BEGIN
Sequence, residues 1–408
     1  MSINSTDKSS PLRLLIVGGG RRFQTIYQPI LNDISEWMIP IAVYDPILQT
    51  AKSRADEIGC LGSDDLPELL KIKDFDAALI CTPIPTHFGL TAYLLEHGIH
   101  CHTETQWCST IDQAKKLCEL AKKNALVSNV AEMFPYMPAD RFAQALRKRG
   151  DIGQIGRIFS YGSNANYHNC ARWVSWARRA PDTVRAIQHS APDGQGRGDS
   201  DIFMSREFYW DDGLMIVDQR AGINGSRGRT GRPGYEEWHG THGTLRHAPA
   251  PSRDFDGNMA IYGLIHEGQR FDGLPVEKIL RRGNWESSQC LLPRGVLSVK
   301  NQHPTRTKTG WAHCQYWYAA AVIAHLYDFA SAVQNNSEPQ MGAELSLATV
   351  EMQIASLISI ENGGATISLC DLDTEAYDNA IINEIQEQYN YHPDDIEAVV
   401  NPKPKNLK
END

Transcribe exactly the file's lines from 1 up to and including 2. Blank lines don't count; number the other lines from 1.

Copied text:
Sequence, residues 1–408
     1  MSINSTDKSS PLRLLIVGGG RRFQTIYQPI LNDISEWMIP IAVYDPILQT